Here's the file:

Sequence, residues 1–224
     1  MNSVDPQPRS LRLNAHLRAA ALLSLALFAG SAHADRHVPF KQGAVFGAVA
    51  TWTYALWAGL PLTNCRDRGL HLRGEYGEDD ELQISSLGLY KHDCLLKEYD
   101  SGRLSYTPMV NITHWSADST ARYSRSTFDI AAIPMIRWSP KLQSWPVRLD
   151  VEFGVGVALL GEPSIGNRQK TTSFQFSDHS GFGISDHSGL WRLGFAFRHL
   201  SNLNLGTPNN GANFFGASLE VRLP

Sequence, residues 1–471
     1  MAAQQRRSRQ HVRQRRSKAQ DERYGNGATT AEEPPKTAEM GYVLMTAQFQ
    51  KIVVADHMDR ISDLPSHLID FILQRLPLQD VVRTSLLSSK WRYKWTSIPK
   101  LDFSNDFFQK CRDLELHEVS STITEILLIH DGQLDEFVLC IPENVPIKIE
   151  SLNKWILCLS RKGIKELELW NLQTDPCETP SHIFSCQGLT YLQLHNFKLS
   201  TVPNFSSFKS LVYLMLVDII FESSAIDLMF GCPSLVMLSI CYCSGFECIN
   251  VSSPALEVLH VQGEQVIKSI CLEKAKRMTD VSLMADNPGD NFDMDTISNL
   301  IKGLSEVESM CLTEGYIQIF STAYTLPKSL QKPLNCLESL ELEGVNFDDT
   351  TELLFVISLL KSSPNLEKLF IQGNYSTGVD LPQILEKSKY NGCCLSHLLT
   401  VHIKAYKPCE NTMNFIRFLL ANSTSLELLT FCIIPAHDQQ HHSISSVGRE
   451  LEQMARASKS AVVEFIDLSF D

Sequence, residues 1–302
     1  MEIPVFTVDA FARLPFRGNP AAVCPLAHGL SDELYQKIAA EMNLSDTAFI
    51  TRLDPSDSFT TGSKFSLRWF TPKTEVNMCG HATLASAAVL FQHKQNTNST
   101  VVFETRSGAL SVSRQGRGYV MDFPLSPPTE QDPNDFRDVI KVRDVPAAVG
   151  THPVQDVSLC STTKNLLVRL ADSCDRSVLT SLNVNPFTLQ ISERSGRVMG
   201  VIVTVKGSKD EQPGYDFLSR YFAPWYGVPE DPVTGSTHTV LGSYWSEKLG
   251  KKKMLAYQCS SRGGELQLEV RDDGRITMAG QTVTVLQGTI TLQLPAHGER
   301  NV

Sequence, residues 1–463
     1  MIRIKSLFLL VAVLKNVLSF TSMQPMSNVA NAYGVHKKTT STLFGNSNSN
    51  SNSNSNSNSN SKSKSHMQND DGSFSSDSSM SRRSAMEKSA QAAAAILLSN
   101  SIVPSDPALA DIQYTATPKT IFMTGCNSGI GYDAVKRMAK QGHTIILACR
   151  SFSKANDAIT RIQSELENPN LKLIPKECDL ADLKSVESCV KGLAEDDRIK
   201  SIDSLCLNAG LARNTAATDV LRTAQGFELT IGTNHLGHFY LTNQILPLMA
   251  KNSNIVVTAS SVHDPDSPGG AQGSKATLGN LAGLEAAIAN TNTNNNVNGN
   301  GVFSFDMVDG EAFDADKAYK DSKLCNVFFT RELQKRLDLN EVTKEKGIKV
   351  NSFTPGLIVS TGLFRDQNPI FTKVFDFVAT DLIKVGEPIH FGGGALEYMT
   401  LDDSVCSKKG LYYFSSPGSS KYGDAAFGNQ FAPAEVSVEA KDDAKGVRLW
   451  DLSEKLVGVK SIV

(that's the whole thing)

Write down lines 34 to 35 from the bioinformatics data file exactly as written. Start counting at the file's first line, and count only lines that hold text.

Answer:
   351  NSFTPGLIVS TGLFRDQNPI FTKVFDFVAT DLIKVGEPIH FGGGALEYMT
   401  LDDSVCSKKG LYYFSSPGSS KYGDAAFGNQ FAPAEVSVEA KDDAKGVRLW